And if you are going for a change one way to go is to introduce minor conflicts. In many superhero stories/movies the beginning scenes usually involves the SH saving the day displaying all his/her powers etc. while doing so. We are at the edge of the seat as SH dives like a rocket to save the little girl hanging by a branch off the cliff. By the time we catch our breath we know the abilities of the SH. This is of course a simplistic example, you should preferably tie the minor conflicts to the main conflict of your novel (the little girl in my example could be the daughter of the future villain of the main conflict). This would make the minor conflicts serve the duel purpose of introducing the character and also add layers to the plot.
     
  9. killbill
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    killbill Contributing Member

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    sorry, double posts.
     
  10. Mckk
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    Mckk Moderator Staff Supporter Contributor

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    Sounds like your story starts in Chapter 6. You should introduce your MC as the story progresses, not dump it all in as a sort of info-dump prologue or sorts, even if you label them as chapters. You might consider interspersing the action chapters with your MC's background chapters, but then the background should somehow relate to or answer the puzzles of the main story/conflict.

    So like this: Chapter 1, story starts. Chapter 2, MC's background. Chapter 3, back to main story. Chapter 4, continuing from chapter 2. (but somehow Chapters 2 and 4 should unlock, or serve as a key to, a puzzle that chapters 1 and 3 are trying to resolve)

    Hope that makes sense.

    But if the MC biographical chapters aren't even related to the main conflict/story, then delete them. Problem is, your MC is only your baby, not the readers', which means, the readers don't care. They wanna read a story, not a biography. If they did, they would've probably gone for the non-fiction section.

    I once read a book by Agatha Christie, and I couldn't finish the book, precisely because of this problem. The book was only something like 150-200 pages long, a very short book. But for about 80 pages - over half the book - it was all about the two protags' lives. But I picked the book up for the crime mystery, and I was forever waiting for the damn crime to happen. If it had been advertised as something else, and I was here to read someone's drama/romance, I wouldn't have minded. But I picked it up expecting crime, and that didn't happen til like p.100. By that point, I'd stopped caring. And the quality of the writing was good, it was Agatha Christie, and still it lost me. Chances are, you're even more likely to do so if you do the same thing.
     
  11. TerraIncognita
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    TerraIncognita Aggressively Nice Person Contributor

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    It's not the quantity of the words but rather how you use them. You can go five chapters and keep a person hooked or you can lose them in the first chapter. It all depends on how it's done. It's far more important to pay attention to that rather than numbers.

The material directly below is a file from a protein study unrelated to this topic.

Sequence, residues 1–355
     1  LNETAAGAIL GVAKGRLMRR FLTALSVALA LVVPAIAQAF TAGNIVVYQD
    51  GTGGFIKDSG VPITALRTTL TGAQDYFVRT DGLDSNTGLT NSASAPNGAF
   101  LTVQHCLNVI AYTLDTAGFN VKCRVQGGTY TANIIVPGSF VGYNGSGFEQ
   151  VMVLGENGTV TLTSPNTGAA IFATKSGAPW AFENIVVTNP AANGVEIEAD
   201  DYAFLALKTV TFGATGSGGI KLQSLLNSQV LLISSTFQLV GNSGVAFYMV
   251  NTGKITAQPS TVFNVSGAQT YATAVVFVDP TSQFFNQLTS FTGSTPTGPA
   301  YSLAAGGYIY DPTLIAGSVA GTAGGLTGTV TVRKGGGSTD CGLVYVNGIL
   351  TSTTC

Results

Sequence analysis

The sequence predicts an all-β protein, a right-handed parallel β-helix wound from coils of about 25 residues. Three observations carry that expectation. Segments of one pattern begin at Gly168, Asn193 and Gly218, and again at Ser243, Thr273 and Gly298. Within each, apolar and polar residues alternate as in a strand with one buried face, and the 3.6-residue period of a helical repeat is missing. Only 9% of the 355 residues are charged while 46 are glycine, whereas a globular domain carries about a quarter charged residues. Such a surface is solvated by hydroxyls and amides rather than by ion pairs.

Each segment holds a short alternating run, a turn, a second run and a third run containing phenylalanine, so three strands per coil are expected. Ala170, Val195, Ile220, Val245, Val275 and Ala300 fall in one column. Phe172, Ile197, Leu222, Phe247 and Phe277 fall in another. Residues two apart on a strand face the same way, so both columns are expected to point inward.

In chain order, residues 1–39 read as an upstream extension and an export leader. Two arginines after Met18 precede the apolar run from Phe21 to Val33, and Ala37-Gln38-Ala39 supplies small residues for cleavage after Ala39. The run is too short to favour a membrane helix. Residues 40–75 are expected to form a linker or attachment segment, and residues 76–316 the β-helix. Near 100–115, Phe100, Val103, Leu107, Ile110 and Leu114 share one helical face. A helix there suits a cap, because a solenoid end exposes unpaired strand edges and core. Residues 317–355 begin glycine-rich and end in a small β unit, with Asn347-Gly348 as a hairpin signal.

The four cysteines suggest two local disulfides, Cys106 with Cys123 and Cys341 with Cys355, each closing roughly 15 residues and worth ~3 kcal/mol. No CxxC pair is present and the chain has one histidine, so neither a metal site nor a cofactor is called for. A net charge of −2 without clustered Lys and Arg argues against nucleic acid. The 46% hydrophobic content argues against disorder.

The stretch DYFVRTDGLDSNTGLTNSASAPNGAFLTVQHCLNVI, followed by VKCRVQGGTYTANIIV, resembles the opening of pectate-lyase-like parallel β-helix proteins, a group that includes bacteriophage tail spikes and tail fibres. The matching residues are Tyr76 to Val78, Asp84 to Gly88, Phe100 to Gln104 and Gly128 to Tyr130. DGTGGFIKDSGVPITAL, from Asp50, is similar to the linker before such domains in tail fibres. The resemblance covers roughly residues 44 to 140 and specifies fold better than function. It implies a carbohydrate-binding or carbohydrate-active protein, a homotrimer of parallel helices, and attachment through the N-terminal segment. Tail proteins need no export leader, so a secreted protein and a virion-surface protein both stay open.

I don't believe there is a set number for when you should introduce larger conflicts. Books with larger casts often take multiple chapters to introduce everyone. Hook me with a scene that has some excellent foreshadowing that doesn't tell me precisely what's going on. Pique my curiosity and I will keep reading. So again, it's not the amount it's how you use it. :)
     
  12. jannert
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    jannert Contributing Member Supporter Contributor

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    I think a lot depends on what you give us in those first 5 chapters—and, of course, how you present the biographical stuff.

    We should get to know your character well, through scenes and character interactions which are compelling and insightful, during those first five chapters. A little foreshadowing of the conflict to come, during the earlier chapters might not go amiss either. If the person has personal issues they struggle to deal with in the first 5 chapters, then those issues are what should be tested during the rest of the book.

    If you are presenting your MC as a person with no problems, happy and carefree at the start of the book, I would say 5 chapters of this blissful state would be far too many! If the character is troubled, and you show how they got to be that way, then your 5 chapters are probably fine.

    Like many others have said, it's difficult to judge without reading the piece. Do you have a beta reader—someone you trust to 'get' what you're doing— who is willing to read your finished work? If so, that's when you'll get real, meaningful feedback.

    Unfortunately, novelists have a hard time on this forum, because they can't post their entire novel for critique. A novel is an entire piece of work, and can't really be judged in snippets. It's like painting a picture that's 6 x 4-foot size, then showing people a 5 x 5-inch square and asking for a critique! Ach well, no help for it. Finding yourself a beta reader to go over your first draft is the best way to attack this problem.